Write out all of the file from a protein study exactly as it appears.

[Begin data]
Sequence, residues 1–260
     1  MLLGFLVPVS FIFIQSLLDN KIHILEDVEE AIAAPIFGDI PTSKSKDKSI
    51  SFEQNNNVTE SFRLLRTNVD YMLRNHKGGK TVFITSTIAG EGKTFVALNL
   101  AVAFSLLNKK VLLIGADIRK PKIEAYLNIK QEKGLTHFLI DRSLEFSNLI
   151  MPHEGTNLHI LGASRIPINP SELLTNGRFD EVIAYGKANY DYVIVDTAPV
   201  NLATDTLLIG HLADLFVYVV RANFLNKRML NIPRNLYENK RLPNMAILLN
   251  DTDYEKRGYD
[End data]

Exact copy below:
Sequence, residues 1–260
     1  MLLGFLVPVS FIFIQSLLDN KIHILEDVEE AIAAPIFGDI PTSKSKDKSI
    51  SFEQNNNVTE SFRLLRTNVD YMLRNHKGGK TVFITSTIAG EGKTFVALNL
   101  AVAFSLLNKK VLLIGADIRK PKIEAYLNIK QEKGLTHFLI DRSLEFSNLI
   151  MPHEGTNLHI LGASRIPINP SELLTNGRFD EVIAYGKANY DYVIVDTAPV
   201  NLATDTLLIG HLADLFVYVV RANFLNKRML NIPRNLYENK RLPNMAILLN
   251  DTDYEKRGYD